Here it is in video:

Once all the pieces are vacuum formed (2 per window x 6 windows) The pieces are rough trimmed and then glued back to back with an industrial hot glue gun. With the addition of small plastic balls glued evenly through the pane to space the two sheets the proper distance from each other, the assembly is placed between a layer of soft foam and ¾” plywood and clamped. Then I fill the void between the sheets with polyester resin. (The small plastic balls keep the sheets from “crushing” together between the foam) If you do this, be aware of the amount of MEKP (catalyst) you use. As polyester is an exothermic plastic (generates heat when curing) it can get very hot and soften or melt the PETG surface.

The piece still have their blue protective vinyl film, this was deliberate (normally these are remover before forming) because I now cut around all the “came” with an X-Acto knife and peel off the protective vinyl covering the lead came area, leaving the film over the Roundels. Mixing up a grey paint, then adding some silver metallic powder I have the “lead came” paint and can now paint the came.

Once the paint dries, I remove the remaining blue vinyl and “ta - da”, a realistic looking bulls-eye glass pane. (In one tough lightweight piece of plastic)
I took one of the first test panels and cut out a section and made a mock up of what the window frame and casement would be.

Here is a cross section of that mockup

The frames are made from surplus mahogany “Fireplace surround” kits it be sold off cheap at a local home improvement store and with a few passes through the table saw they have been reprofiled to work perfectly as 16th century window frames and casements.

In the source painting there are these latches to hold the panes into the casements. It took me a while to figure out what these looked like, but then I found a high resolution copy of the painting and could make out what they likely were.

Here is the brass master I created for these latches.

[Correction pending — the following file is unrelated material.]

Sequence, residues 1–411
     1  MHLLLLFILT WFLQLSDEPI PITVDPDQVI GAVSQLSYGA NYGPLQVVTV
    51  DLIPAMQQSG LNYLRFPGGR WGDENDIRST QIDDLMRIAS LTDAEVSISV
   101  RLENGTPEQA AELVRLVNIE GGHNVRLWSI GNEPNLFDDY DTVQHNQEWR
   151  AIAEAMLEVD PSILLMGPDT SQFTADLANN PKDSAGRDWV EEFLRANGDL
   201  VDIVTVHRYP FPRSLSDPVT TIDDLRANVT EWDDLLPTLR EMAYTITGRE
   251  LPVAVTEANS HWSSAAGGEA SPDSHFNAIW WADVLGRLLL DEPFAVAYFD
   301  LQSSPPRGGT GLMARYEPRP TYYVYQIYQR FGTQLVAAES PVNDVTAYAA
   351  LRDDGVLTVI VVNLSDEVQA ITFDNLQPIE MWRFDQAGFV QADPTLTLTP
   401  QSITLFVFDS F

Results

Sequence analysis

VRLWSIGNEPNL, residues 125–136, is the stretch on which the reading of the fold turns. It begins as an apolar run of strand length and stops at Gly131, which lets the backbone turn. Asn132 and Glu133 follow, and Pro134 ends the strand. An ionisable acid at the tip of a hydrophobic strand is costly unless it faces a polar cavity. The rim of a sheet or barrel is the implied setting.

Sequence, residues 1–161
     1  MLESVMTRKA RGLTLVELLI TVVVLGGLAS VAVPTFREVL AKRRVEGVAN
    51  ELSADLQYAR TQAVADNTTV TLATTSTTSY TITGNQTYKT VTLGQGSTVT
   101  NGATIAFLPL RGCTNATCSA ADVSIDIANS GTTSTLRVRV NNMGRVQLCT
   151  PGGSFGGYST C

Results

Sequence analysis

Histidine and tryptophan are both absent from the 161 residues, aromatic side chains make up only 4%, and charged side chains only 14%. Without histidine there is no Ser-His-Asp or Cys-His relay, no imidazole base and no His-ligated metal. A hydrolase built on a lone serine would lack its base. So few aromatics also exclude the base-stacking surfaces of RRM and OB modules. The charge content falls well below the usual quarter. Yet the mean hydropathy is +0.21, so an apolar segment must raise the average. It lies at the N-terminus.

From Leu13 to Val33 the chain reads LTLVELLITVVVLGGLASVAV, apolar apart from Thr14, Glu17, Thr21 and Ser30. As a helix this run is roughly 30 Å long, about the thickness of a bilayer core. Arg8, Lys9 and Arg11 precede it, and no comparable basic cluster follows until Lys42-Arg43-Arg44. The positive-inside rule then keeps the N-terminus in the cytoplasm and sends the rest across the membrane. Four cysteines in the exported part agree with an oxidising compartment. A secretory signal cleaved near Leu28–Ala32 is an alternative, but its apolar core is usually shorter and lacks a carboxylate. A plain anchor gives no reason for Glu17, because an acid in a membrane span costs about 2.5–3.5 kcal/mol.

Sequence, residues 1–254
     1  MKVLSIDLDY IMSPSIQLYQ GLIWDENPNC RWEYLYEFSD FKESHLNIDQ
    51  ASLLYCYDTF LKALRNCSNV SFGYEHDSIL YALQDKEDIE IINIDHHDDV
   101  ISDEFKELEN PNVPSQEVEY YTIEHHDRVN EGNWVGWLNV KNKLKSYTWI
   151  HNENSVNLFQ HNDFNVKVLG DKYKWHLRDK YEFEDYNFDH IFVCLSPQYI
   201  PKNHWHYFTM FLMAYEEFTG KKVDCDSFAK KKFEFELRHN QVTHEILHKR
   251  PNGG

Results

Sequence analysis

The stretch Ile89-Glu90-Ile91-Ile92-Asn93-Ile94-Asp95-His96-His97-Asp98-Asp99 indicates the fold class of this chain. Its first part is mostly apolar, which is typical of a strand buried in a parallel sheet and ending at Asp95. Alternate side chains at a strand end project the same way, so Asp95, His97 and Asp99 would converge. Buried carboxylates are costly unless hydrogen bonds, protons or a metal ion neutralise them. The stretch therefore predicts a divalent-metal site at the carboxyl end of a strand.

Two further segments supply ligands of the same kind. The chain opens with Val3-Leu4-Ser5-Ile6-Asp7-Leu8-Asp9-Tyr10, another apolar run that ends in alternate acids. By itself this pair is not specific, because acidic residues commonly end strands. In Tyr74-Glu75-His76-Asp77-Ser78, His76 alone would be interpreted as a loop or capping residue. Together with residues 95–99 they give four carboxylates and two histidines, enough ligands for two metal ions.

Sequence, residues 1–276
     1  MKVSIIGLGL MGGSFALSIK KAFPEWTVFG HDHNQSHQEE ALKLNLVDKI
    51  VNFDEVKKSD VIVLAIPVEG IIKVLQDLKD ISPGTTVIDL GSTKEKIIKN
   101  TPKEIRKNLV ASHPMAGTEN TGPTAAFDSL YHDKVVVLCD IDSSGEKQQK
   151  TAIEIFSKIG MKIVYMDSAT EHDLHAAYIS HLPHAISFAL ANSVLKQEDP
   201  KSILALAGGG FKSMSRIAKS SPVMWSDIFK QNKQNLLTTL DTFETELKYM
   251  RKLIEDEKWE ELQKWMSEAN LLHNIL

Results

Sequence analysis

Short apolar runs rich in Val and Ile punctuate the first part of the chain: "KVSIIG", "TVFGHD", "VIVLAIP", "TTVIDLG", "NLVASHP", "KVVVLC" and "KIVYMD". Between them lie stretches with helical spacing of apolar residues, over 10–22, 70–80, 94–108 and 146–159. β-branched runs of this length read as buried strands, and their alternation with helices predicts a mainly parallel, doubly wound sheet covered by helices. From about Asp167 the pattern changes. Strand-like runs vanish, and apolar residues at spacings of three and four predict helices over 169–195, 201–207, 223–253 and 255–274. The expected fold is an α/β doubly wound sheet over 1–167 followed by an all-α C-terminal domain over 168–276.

I made a vulcanized rubber mold of this master for my 12” spin caster and cast 60 of them in pewter. At some point I’ll cast these in brass so they will be stronger, but for the sake of speed and economy, I chose pewter as I could do it cheap and fast myself. Each cast “screw” had a steel wood screw cast in and the heads were designed to work with my 8 point sockets so they would be easy to install. Once they were all cast (50 of them) I had them antique /blackened brass plated.

To complete the look, I added steel bars across each pane. Later this year I will most likely add the small pull rings shown in the painting.

The finished windows separate into an outside casement and an inside casement and are screwed together trough the walls using ¼-20 stainless Allen screws. (I know another tool to bring, It’s up to 3 now!)

Here are the finished windows.


  1. Chris, thanks for doing this blog. It's really inspiring, and it offers great insight into a completely different way of doing things. your description of how a vacuum table works is simple and brilliant. Thanks!

  2. You’re welcome. Thanks for commenting.

  3. Those are very artistic windows - from ashes to classic. Historic glass windows are pretty rare nowadays. Congratulations on making your own. If I were to have them, I'd likely keep then inside as a keepsake.